What it takes is more than we can imagine.

The Good Soldier

on November 16, 2009 by Matthew Nestel

Five generations of battle-tried (but unbroken) men who wore the uniform as valiant patriots and suffered a painful deliverance from innocence are front and center in The Good Soldier. Their wars differ but their tales are eerily identical. Their material is arresting, with troves of detailed memories pouring out for the first time. These veterans shed their ranks, medals and names and what comes through are their fragile spirits; some glimmer of the young man before he became a trained killing machine. The Veteran’s Day release date should fill sentimental seats but won’t witness a barrage at the box office.

Doc makers Lexy Lovell and Michael Uys devised a way to get close to these brothers of wars. World War II vet Private Edward Wood replays the moment his head turned into a shrapnel mosaic. Will Williams was a Staff Sergeant in Vietnam; he retreats back to blood battles as if he were being ambushed right then and there—carrying a man through a monsoon while the man’s brains slip out of his head. Chief Warrant Officer Perry Parks also fought in Vietnam and refers to air strikes on green jungle villages as “hosing them down” because of the massive amount of ammo shelled-out. Captain Michael McPhearson served in the first Gulf War and is now a peace fighter doubly troubled because his son just shipped off to Iraq. And most startlingly, as a result of what Staff Sergeant Jimmy Massey’s describes as spiritual deflation and agonizing regret, he now calls himself a war criminal.

Many soldiers come back from tours too traumatized to talk. They reserve the right to be silent. Given the spilling of guts in this film it’s understood why soldiers often choose to go to the grave with their war chest. Meanwhile, it’s downright uncanny how when each of these vets talk about the past he goes into the same trance. The eyes gaze to the side or cast downward and the details simply go and go: the shape of the clouds, the smell of the blood in the air. If the film was broadcast over the radio you’d think they were all comrades talking about the same war, the same despair. War is war is war: this is the underlying specimen writhing in the brush.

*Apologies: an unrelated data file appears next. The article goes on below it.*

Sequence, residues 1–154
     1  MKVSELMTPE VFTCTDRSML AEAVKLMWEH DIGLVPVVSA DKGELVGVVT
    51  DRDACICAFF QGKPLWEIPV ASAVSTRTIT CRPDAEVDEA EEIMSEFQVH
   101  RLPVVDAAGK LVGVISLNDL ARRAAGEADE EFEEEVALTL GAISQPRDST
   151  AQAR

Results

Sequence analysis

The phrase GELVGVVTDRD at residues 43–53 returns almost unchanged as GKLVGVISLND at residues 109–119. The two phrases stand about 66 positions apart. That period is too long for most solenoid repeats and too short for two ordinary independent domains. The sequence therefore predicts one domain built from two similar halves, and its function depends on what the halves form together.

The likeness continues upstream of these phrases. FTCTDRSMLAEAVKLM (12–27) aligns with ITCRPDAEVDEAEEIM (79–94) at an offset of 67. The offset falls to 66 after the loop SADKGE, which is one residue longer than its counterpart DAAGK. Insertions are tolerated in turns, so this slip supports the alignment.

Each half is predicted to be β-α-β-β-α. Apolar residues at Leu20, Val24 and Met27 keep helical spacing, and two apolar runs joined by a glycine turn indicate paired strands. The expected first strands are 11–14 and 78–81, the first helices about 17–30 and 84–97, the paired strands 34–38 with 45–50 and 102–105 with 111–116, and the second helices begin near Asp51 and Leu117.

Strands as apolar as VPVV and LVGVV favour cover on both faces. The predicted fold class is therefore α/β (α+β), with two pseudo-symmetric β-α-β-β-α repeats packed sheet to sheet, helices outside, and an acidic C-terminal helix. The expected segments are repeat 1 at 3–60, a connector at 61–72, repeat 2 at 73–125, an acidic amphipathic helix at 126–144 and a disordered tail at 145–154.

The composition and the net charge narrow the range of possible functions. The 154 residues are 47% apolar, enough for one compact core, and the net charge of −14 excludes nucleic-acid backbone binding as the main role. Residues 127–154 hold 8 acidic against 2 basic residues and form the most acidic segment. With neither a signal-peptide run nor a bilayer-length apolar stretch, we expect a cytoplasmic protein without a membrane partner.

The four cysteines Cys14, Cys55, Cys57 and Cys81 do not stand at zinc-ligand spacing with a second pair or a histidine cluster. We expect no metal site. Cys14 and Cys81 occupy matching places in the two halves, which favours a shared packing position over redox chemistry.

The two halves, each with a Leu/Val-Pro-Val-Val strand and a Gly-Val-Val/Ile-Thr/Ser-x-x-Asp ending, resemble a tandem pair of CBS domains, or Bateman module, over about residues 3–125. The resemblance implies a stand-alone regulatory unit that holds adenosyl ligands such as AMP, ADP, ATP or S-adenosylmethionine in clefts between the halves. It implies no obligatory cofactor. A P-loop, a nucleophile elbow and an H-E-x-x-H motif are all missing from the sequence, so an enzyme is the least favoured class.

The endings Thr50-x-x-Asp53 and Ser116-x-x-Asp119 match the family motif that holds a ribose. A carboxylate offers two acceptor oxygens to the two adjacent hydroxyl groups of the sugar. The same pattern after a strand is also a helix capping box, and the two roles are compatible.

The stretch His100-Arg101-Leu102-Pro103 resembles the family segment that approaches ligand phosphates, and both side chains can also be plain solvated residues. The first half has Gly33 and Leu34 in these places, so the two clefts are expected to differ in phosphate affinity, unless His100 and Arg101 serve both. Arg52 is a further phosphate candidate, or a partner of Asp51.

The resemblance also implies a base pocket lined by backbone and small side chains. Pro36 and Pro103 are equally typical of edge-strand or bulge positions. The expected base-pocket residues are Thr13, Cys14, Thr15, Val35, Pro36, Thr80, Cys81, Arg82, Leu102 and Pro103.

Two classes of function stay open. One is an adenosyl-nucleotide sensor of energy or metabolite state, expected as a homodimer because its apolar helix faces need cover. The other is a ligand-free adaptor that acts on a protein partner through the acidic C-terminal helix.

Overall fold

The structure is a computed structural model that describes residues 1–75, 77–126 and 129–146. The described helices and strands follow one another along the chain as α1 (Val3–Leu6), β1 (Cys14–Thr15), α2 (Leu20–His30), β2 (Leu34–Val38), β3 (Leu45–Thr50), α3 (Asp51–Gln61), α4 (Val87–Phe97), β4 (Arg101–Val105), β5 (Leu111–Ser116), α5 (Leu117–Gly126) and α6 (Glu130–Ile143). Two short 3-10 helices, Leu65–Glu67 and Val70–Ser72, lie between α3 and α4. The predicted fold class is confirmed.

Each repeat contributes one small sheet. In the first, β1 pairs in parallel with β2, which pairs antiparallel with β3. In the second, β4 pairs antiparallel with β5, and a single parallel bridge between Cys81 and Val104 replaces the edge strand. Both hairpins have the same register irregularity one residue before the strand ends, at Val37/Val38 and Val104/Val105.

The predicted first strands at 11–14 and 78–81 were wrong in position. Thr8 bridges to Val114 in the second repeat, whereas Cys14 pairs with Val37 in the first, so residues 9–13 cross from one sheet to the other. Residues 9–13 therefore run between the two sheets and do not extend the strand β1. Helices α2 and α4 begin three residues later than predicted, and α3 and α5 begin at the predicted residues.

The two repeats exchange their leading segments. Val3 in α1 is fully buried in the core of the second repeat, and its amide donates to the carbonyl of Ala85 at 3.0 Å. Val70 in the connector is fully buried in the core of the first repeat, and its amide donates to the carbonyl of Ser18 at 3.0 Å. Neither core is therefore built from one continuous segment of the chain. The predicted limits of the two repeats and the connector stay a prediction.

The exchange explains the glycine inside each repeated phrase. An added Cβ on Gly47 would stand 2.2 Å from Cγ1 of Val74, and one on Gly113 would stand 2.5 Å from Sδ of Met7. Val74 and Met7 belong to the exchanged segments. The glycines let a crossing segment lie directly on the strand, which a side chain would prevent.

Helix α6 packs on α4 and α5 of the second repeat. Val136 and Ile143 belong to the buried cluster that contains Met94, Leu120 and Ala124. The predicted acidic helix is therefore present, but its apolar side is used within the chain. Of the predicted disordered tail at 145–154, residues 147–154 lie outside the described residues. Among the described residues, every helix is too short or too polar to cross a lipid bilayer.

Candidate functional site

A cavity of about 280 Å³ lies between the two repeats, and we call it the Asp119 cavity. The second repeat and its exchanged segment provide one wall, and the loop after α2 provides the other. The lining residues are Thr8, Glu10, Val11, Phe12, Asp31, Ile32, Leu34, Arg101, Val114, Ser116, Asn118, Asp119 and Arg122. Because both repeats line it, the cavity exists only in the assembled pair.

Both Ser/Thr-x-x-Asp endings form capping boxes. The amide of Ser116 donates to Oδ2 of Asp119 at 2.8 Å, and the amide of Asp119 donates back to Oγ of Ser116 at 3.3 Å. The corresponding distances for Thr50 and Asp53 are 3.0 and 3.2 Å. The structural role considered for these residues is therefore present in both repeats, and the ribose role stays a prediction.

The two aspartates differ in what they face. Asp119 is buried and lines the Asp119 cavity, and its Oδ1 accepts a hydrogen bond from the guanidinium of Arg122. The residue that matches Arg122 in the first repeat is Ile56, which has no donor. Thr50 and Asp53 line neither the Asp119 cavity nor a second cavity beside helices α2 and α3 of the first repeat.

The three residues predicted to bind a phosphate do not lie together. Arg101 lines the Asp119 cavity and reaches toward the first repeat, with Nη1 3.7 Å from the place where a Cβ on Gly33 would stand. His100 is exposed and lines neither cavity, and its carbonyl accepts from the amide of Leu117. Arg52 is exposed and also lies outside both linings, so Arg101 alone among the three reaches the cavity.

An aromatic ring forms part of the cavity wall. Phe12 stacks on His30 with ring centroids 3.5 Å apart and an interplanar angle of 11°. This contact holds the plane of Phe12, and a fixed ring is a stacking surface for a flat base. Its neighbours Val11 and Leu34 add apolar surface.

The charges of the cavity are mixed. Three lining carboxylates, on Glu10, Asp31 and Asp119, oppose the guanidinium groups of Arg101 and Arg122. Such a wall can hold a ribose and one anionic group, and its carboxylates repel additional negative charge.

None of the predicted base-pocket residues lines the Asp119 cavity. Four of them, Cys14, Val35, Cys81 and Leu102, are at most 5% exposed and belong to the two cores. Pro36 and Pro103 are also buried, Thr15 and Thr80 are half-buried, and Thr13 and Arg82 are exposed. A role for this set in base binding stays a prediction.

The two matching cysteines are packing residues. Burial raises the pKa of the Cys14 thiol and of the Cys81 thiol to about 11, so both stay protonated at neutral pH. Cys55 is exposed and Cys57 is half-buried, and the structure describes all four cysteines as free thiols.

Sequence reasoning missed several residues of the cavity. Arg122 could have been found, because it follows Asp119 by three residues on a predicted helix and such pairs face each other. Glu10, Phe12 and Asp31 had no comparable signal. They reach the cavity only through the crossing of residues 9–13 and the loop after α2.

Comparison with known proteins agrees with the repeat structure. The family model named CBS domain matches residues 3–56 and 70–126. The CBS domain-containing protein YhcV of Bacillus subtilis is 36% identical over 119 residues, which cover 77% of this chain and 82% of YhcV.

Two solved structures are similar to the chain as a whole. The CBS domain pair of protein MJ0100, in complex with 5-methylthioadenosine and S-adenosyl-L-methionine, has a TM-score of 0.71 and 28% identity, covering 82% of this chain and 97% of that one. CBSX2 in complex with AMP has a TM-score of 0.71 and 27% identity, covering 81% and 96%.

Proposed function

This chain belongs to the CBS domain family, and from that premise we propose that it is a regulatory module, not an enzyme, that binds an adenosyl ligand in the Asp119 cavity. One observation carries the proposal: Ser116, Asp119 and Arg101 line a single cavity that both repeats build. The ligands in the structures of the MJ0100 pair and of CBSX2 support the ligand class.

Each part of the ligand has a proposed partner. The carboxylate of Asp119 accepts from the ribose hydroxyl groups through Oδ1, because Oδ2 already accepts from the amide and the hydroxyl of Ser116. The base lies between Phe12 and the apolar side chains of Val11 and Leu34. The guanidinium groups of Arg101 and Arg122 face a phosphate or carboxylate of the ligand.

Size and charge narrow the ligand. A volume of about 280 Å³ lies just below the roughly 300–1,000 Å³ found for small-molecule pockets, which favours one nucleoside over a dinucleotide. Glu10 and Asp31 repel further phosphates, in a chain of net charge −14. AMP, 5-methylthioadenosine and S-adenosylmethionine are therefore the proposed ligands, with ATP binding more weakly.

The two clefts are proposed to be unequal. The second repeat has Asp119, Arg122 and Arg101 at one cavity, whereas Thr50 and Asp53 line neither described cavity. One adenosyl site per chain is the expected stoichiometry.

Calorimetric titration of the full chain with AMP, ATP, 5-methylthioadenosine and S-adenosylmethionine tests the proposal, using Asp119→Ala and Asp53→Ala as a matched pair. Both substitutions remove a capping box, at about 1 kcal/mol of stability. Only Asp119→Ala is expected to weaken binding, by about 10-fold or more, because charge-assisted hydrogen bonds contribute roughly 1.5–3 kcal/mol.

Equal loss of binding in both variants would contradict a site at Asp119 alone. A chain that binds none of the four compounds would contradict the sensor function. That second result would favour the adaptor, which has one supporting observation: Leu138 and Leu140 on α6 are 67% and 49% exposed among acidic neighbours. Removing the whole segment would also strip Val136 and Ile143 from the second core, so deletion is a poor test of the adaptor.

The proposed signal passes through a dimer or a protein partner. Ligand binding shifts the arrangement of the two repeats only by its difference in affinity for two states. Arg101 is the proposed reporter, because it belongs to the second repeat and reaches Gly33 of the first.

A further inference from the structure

Staff Sergeant Jimmy Massey channels the warrior ethos and admits that the killer instinct consumed him. “There is no other feeling in the world when you’re hunting another human being. The drawback to that is the fact you want to do it again because you enjoy it.” Taking a life steals a person’s morals and logic. It’s all about the next mission, the next combat role. Southern-born and persecuted Staff Sergeant Williams also copped to being “wired-up” with a hungry trigger finger. “It went beyond the call of duty. It had turned into something else,” he blasts. “I feel like I had become an animal. I could kill without remorse.”

Slogans like “Part-time duty. Full-time hero” will stick to fetch future recruits who’ll carry more than their rifle to the job, but lug heavy baggage home. That’s if they are fortunate enough to make it home at all.

Distributor: Artistic License Films
Producers/Directors: Lexy Lovell and Michael Uys
Genre: Documentary
Rating: Unrated
Running time: 79 min.
Release date: November 11 ltd.

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